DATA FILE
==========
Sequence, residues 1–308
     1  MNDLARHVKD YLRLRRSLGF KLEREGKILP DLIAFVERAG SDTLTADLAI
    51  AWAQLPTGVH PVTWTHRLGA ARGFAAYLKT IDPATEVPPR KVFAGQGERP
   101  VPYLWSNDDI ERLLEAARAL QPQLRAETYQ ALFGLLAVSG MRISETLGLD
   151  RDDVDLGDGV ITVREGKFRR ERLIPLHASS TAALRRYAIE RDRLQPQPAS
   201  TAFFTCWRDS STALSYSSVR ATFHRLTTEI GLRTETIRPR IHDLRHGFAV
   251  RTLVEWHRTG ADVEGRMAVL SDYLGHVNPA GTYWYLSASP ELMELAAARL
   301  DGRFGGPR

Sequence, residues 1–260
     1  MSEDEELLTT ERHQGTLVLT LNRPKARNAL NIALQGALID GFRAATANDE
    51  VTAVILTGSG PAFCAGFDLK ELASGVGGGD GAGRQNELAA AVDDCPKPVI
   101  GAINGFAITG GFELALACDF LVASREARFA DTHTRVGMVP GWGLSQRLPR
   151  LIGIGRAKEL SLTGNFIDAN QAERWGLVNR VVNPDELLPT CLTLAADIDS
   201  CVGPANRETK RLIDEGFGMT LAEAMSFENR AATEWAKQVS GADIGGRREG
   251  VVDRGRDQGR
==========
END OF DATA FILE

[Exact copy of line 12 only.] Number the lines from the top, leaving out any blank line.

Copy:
   101  GAINGFAITG GFELALACDF LVASREARFA DTHTRVGMVP GWGLSQRLPR